05-05-2010, 12:59 PM
Posted 2010-05-04 20:00:50 by Carlo Ang
News URL: http://www.jcccaikikai.ca/SpringSeminar/JCCC_Shimamoto_poster.pdf
From Shosenji Dojo in Osaka, JCCC Aikikai welcomes: Katsuyuki Shimamoto shihan (7th dan) on Jun 5 and 6.. Shimamoto sensei will be accompanied by Yano sensei, and two other yudanshas (possibly more).. We are pleased to welcome EVERYONE, especially the former students of Shimamoto sensei now living in North America (and making the effort to see him again).. Shimamoto sensei's last visit to Toronto was back in 2000 !!
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05-15-2010, 10:54 PM
MORE NEW INFO
Firsty, Shimamoto sensei will be holding a lecture on Zen meditation 2 hours after the seminar.. If anyone has spare time after the lecture, this is a great opportunity to experience a Zen meditation workshop from a 2nd generation zen buddhist monk (and aikido shihan).. The cost is free or pay-what-you-can.. Link below
ZEN LECTURE LINK (http://cid-e64568530d118818.skydrive.live.com/self.aspx/Public/ZazenMeditation^_V3.pdf)
Secondly, more background on Shimamoto sensei..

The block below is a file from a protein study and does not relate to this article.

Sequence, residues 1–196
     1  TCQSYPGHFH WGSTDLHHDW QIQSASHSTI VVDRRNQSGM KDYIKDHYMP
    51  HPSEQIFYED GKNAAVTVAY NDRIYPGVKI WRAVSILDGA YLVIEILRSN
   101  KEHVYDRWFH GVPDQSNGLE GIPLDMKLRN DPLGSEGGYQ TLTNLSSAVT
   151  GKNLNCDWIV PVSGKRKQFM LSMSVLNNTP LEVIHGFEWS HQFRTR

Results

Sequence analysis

Katsuyuki Shimamoto Sensei, an Aikikai affiliated Shihan, is also a practicing Soto Zen-Buddhist Priest. A student of late Kisaburo Osawa Sensei, he practices a style of Aikido that is sometimes soft and fluid, and sometimes very sharp and direct. Born in 1937, Shimamoto Sensei teaches Aikido on the grounds of his family temple -- the Toyonaka Shosenji Temple in northern Osaka, Japan. When asked about how Aikido and Zen are related, Shimamoto Shihan explains: "One connection has to do with tension and relaxation. I tell my Aikido students to bring tension and relaxation into harmony. When we are rigid, or frozen, we cut ourselves off from our partners - but, when we are completely yielding, there is no attention or awareness with which our partners can engage. In Zazen practice, it is the same. The crossed legs, the upright posture, reaching for the sky - to maintain this requires a tremendous amount of tension. At the same time, the body needs to be 100% relaxed and the mind 100% free. And if we practice Aikido the same way we do Zazen, the waza will "work" -- we will experience harmony with our partners through movement. Through this process, we learn to respect harmony and to seek it in our relations with others. Also, in practicing this way, we show respect for the waza and the teachings to be found there." In the last 10 years, Shimamoto Shihan was invited by many dojos in foreign countries, giving seminars and workshops in Holland, Poland, Israel, Singapore, Canada and Australia. His energy and kindness also inspires many visitors from abroad to come to Shosenji Dojo in Osaka to study Aikido.